Your BPO celebrates Women’s History Month: Meet the artists of our 2021-2022 season

March is Women’s History Month, a time to honor the great achievements of women throughout history, and for the BPO especially, their musical contributions. We are thrilled to share in this annual celebration by recognizing many of the incredible female guest artists, conductors, and composers featured on the 2021-2022 concert season.

We would be remiss not to begin with our own Music Director, JoAnn Falletta, whom many may be astonished to know was the first woman ever to lead a major US ensemble. In her 22 seasons in Buffalo, she has brought the orchestra to new levels of international prominence. The BPO is now a leading recording orchestra for Naxos, the world’s top classical label, and JoAnn was instrumental in the establishment of the orchestra’s own Beau Fleuve record label. In 2004, she founded the JoAnn Falletta International Guitar Concerto Competition in partnership with WNED. In 2018, she made history as the first American woman to conduct an orchestra in Warsaw, Poland’s prestigious Beethoven Easter Festival, as she led the BPO in its first international tour in three decades. She has been the recipient of countless awards, including the top award for Adventurous Programming, 12 GRAMMY nominations and four wins, and the BPO under her direction continues to flourish.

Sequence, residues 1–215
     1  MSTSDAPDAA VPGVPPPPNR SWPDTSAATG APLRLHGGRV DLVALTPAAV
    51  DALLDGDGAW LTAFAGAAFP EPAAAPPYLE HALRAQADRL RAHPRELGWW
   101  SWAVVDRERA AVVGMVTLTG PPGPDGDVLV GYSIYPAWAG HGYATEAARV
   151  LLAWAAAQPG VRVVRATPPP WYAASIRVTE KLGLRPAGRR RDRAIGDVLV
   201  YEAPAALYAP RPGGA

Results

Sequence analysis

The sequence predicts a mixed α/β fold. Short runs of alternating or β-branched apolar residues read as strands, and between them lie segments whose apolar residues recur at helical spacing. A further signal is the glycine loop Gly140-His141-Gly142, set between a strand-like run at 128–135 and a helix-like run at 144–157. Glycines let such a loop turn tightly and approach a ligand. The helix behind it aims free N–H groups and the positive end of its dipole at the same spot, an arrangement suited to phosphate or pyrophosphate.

Valerie Coleman, whose Seven O’Clock Shout was featured on this season’s Youth Concert Series, was born and raised in Louisville, Kentucky. She began playing flute in the fourth grade and immediately became interested in composing music. By age fourteen, she had written three full-length symphonies and had won several local and state competitions. Valerie earned a dual degree in music theory/composition and flute performance from Boston University. Her musical style mixes modern orchestration with jazz and Afro-Cuban genres. Her compositions include works for wind quintet, chamber music, orchestra, concert band, and solo flute. She is currently an Assistant Professor at the Frost School of Music at the University of Miami.